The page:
By On the occasion of our 20th anniversary
By Gustavo Arellano
By R. Scott Moxley
By Alfonso Delgado
By Courtney Hamilton
By Joel Beers
By Peter Maguire
By Charles Lam
"He pulled my hands behind my back and just started wrapping them," she said. "And it just felt like I was doomed. . . . I couldn't believe what was happening, and I couldn't even think, and I just said, 'This is a joke. Oh, my God, all this over the phone number. Oh, my God.' And he just said, 'Shut up.'"
Asbenson asked the man what he was doing, but he wouldn't answer. When she told him he wouldn't get away with anything, he placed a hat and sunglasses on her head, then locked her door and pushed her seat back so other motorists wouldn't be able to see her.
The sun was just coming up over the horizon, and from her vantage point, Asbenson would later recall, she could see nothing but an endless parade of telephone poles in the early-morning sky. She asked if he planned to rape her. "He wouldn't say anything," she said. "He had a lot of rage. I kept looking at him. I provoked no emotion. No matter what I said, he couldn't feel a thing for me. He was just really pissed off."
As he drove through the desert, one hand on the wheel and the other gripping a knife to her neck, the man forced her to perform oral sex on him. The road became bumpy, and Asbenson, who grew up in Palm Springs, knew he was taking her to a remote area. After what seemed like nearly an hour, he pulled over, cut off all her clothes and stuffed her panties in her mouth, using her bra as a gag. As he raped her, he began viciously cursing Asbenson.
"And then he just told me to tell him that I loved him," she said. He removed the gag, and Asbenson did her best to sound sincere. It didn't work. The man punched her in the face. She tried again, imagining what it would be like to say those words and truly believe them. Her second effort didn't fare much better. He called her a "bitch," and the next thing Asbenson knew, he was strangling her. The world turned white, and Asbenson passed out. When she awoke, the man was licking her neck, biting her. He pushed her out of the car and, holding a handgun to her head, forced her once again to perform oral sex. She thought about biting his penis, but she couldn't muster the courage. Instead, she asked him to shoot her.
The man then forced her into the trunk and began driving down the road, deeper into the desert. Gathering all her energy, Asbenson managed to pop the twine off her wrists. Terrified that she would be cut to pieces by her captor, she tried to strangle herself with the twine. When that failed, she began feeling around the darkness until her fingers gripped a latch. As she did so, the trunk popped open. Asbenson lifted the trunk a few inches and stuck her hand out, hoping to attract the attention of passing motorists. But her abductor immediately noticed the trunk was open and pulled over to the side of the road. He got out and slammed the trunk shut again.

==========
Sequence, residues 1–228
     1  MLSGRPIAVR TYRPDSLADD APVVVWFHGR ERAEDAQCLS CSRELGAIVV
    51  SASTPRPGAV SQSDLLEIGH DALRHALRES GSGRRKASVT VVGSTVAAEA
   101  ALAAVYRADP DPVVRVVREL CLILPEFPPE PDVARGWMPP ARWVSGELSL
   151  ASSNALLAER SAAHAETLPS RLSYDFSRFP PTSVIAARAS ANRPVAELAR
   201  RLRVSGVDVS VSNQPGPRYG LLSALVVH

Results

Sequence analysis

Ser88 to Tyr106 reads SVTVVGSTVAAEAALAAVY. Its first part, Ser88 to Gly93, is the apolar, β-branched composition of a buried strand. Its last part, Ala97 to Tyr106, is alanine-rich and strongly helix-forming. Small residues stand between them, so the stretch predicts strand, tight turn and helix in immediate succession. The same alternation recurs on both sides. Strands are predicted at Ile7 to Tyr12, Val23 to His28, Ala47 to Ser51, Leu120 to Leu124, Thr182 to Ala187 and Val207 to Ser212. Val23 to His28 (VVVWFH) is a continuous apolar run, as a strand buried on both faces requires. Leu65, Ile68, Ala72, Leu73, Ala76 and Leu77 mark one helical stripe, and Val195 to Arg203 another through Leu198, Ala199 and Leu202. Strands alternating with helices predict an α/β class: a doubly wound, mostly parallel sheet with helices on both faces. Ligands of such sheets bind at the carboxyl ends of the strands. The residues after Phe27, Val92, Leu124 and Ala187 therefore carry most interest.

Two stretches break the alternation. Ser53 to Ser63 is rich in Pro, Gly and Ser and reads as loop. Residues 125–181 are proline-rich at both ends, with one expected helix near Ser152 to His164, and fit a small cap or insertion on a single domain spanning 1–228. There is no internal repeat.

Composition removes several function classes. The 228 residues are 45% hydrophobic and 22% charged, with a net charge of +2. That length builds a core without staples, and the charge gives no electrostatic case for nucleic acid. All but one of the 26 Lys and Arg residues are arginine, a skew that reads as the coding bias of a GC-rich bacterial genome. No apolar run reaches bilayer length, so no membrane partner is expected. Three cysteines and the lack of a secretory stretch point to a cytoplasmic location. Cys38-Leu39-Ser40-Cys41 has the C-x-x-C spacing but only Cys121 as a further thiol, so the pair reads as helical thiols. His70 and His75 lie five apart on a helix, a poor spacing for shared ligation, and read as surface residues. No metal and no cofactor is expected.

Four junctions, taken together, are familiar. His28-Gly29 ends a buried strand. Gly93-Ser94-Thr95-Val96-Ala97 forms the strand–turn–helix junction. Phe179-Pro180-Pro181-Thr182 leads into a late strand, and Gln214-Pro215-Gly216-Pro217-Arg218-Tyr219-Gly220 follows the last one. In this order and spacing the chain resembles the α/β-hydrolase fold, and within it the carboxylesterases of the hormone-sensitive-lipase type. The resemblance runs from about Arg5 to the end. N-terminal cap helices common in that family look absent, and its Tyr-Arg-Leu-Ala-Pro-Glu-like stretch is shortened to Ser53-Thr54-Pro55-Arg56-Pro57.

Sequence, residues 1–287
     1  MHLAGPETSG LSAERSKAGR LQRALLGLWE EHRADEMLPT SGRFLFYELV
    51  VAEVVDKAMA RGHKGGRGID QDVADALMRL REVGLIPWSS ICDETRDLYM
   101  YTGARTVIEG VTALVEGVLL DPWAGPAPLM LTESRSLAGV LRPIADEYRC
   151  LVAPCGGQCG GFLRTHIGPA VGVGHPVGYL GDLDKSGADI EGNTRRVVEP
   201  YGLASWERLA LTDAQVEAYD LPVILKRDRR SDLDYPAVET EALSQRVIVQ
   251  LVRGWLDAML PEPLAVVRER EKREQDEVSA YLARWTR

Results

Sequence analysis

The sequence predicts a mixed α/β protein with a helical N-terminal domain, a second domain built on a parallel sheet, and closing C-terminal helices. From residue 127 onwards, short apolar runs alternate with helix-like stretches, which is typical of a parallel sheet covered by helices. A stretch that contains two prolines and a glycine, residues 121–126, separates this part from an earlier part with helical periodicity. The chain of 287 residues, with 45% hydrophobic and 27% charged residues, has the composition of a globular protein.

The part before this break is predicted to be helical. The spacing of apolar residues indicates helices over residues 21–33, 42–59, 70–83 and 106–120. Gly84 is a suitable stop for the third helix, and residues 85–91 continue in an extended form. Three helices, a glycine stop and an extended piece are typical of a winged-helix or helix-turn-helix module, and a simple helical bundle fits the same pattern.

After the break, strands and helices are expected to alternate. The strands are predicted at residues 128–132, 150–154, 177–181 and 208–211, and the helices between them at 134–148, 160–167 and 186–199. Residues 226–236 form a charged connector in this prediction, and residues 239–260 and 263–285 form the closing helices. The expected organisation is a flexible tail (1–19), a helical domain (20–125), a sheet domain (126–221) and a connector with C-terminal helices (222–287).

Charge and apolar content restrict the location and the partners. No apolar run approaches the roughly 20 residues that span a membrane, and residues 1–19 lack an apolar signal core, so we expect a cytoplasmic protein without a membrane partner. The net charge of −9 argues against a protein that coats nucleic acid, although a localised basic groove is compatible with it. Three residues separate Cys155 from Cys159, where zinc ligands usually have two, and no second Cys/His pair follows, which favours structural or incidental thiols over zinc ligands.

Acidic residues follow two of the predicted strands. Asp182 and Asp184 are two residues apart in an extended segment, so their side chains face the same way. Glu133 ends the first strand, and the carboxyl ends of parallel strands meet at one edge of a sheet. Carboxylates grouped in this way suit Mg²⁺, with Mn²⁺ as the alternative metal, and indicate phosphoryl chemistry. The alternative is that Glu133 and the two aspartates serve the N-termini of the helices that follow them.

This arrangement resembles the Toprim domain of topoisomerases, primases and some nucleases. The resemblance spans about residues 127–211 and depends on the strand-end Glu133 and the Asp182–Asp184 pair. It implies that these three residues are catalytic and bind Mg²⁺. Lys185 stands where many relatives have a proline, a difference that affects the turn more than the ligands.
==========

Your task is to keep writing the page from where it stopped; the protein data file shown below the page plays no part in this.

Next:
"Keep it shut, bitch," he yelled. Then he ran back to the driver's seat and revved the engine. But he hit the gas so hard, his wheels spun, stuck in a sandy rut. Asbenson opened the trunk and, naked except for her sweat shirt, ran down the road. In the distance, she could see an approaching truck. She turned around and saw the man running after her, waving a machete. She kept running, eyes closed. When she opened them, the truck had screeched to a halt.
"Catch him!" she screamed. "He kidnapped me! I just got out of his trunk!"
Inside the truck were two Marines who listened in horror as she described her ordeal. "They were really mad," she recalled. "They said they were going to kick his ass. They started driving as fast as they could, trying to catch him." The blue car sped off into the distance. Asbenson was treated for her injuries and gave a statement to Riverside County Sheriff's detectives, but they were unable to locate the car or its driver.
* * *
Nearly five years later and more than 2,000 miles away, Officer Warren Fryer of the Hammond, Indiana, Police Department received an emergency call from a security guard at the American Inn, a run-down motel in the working-class suburb 30 minutes east of Chicago. According to the guard, two guests, a man and a woman, were arguing in the motel parking lot.
It was April 1, 1997. Fryer, who was on routine patrol that evening, drove to the motel. As he got out of his car, he immediately recognized the woman mentioned by the guard: Patricia Kelly, a local prostitute Fryer had arrested in the past. Apparently, she had just stolen a personal check from her client while they were having sex in their motel room, and the john was angry, chasing her around the parking lot, demanding she return it, which she couldn't do because she had flushed it down the toilet. Fryer also recognized the john. He was a Chicago security guard and former Marine named Andrew Urdiales.